Be My Friend at the End

I returned to nursing after having been at home with my children for a number of years. At first, I was apprehensive and uncomfortable. But I had a great team of nurses and a wonderful preceptor and eventually my "deer in the headlights" look gave way to an underlying confidence. I had learned to enter into countless new situations believing that I could learn to handle whatever came my way.


It was exciting to work on a busy medical-surgical floor. Although I was occasionally overwhelmed, I can honestly say that I was never bored. After I became confident in administering physical treatments, starting IVs, placing foleys, and so forth, I realized that the greatest difficulty was handling complex family situations. Sometimes it seems that as I walked into the room, a certain family member consciously or sub-consciously deemed me the one they would unleash all of their anger upon.

I remember entering a room once when the physician was exiting.

He looked at me and said, "Don't worry. They have already taken everything out on me."

One particular patient and family situation is imprinted forever into my soul. Each time I entered the room to check the n/g tube or answer the call light, the patient seemed tense. At all times, her family was present. Once I patted her hand and asked if there was anything she needed or if there was anything she wanted to talk about.

She smiled and began to say that she knew she was very ill but that her family would not let her talk about it. Three family members were present and immediately came to her side to tell her to be quiet that she would get well and go home. When she did not look at them but spoke only to me, they asked me to leave. I did so. I think that confronted with a similar situation now I would stay and at least try to talk with the family about the patient's needs.

The next day she called me to her room. Her family had left to eat breakfast. I pulled up a chair to sit down beside her and took her hand. She immediately began telling me that she was dying and knew it but that her family would not let her talk about it.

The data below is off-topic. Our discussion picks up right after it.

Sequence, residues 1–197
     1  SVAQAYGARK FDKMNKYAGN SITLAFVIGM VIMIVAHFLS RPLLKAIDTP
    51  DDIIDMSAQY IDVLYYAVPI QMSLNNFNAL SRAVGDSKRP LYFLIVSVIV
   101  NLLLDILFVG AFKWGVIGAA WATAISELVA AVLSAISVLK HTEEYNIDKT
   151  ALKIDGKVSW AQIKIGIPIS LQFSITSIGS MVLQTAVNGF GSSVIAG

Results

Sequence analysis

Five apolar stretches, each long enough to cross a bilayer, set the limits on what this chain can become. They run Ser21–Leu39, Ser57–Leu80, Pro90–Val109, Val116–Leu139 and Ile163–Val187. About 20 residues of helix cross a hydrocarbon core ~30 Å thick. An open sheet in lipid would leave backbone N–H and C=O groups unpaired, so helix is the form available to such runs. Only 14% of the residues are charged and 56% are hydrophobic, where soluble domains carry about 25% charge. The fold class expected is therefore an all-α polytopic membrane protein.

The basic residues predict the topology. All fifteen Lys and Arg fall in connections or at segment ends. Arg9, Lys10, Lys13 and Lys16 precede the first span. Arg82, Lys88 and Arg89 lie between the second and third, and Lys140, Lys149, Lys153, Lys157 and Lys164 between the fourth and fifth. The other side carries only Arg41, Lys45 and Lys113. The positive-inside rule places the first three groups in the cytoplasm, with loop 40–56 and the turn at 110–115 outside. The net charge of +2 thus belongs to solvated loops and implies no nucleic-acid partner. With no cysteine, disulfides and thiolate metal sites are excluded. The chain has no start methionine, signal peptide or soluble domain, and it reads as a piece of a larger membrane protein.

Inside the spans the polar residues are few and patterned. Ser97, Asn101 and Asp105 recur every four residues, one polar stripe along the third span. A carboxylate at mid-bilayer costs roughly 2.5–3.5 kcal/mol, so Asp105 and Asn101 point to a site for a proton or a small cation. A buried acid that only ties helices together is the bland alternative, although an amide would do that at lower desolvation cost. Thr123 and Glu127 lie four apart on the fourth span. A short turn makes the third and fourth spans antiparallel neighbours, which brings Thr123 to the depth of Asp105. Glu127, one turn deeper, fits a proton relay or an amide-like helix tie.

She said she did not have anyone else she could talk to and would I please listen. I assured her that I would listen. She told me she wished she had done certain things in her life instead of just been a caretaker.

She had lived a life to please others and told me of things she wished she had done regarding trips, sailing, and completing her education. She expressed anger that her family would not step in to be with her in a real way as she faced death, but added that she understood they had only learned to use her for themselves and that she had allowed it.

As she continued to talk, she cried some; she thanked me for listening to her, deeming my listening as a gift. As the family entered the room to observe us holding hands, both with tears in our eyes, their anger erupted onto me. They asked me to leave the room and to not return. I was reported to the nursing supervisor as having interfered in their family life.

Although I was gently admonished by management, it was acknowledged that perhaps I had done a good thing. The next day the physician, a very business-like gentleman, came up to me, gently put his hand on my shoulder, and said, "You did the right thing."

I am glad I did the right thing in spite of having been reported by the family and being gently admonished by management. I think that I did help the lady have a better death which added to her quality of life.

Trying to be an RN again. I have taught piano and subbed as a secretary in the local elementary and middle schools.

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1 Article; 5,758 Posts

They probably couldn't stand to see her pass away because it is always so awful to lose your slave.

josh1974, LPN

70 Posts